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Fan rides along with team

31 December 2013

Dan McCalla lived every fans dream on Sunday, when he joined Karl Robinson and his players on the team coach ahead of their game with Brentford.

An avid MK Dons supporter, Dan won the once-in-a-lifetime experience at a charity auction at the recent MK Dons Supporters Tenth Anniversary party and he kindly agreed to share his experience with by writing the following blog.


We've all been there. That 'morning after' feeling when you wake up with a stinking hangover and think: 'Oh my God, did I really do that?' In my case, this is exactly what happened to me the Sunday morning after we beat Rotherham back in October.

The Saturday evening following that 3-2 victory, I joined scores of other Dons fans at stadium:mk for the MK Dons Supporters Association's tenth anniversary party. As part of the festivities, there was a charity auction in which the star lot was a place alongside the first team on their coach to and from the away game at Brentford just after Christmas. I deemed this to be a once-in-a-lifetime opportunity and so set myself a bidding limit of £200 - a lot of money, but not a crazy amount.

Unfortunately, I had consumed a number of pints of lager prior to this charity auction taking place (the exact number unsurprisingly escapes me) and my dad, the man who normally stops me doing stupid things whilst inebriated, was away on holiday. So it was no real shock the next morning when I opened my online credit card account to confirm that I did indeed spend exactly triple my £200 limit on winning the lot. Oh dear.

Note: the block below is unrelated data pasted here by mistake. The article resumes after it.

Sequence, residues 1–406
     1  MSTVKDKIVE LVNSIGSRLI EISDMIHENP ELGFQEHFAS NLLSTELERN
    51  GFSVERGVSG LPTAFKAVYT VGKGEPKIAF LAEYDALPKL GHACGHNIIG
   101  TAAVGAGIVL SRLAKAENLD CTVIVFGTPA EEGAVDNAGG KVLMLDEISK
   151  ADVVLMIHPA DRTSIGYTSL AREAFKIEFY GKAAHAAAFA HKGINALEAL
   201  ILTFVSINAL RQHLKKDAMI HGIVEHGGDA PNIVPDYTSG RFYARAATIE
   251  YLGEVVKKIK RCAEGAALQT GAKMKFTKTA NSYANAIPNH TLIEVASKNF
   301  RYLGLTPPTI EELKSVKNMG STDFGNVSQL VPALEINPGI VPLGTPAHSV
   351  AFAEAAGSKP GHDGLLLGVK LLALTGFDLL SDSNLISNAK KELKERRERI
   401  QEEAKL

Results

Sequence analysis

In the two months between the auction and the Brentford matchday itself, I tried to keep telling myself that it'd be worth all that money. I even bumped into Karl Robinson in a city centre bar one night and he said he'd do his best to make sure I'd have a great day. But deep down, I still had doubts. Had I just shelled out the price of two Cowshed season tickets just to sit on a coach near some footballers for a couple of hours?

As I arrived at stadium:mk at 9:30 on the morning of the Brentford game, I still wasn't sure what was going to happen and I had no idea exactly what where I was going and when, other than the fact that I'd be at Griffin Park at 3:00. After a warm greeting from Karl, I left the players to take their seats on the coach - I didn't want to sit in anyone's regular seat, after all - and then boarded myself. Sat on the first table opposite a football manager wolfing down scrambled eggs, beans and toast (the absence of meat apparently makes it good for his diet), we left at 9:45 with around three-quarters of the matchday squad on board.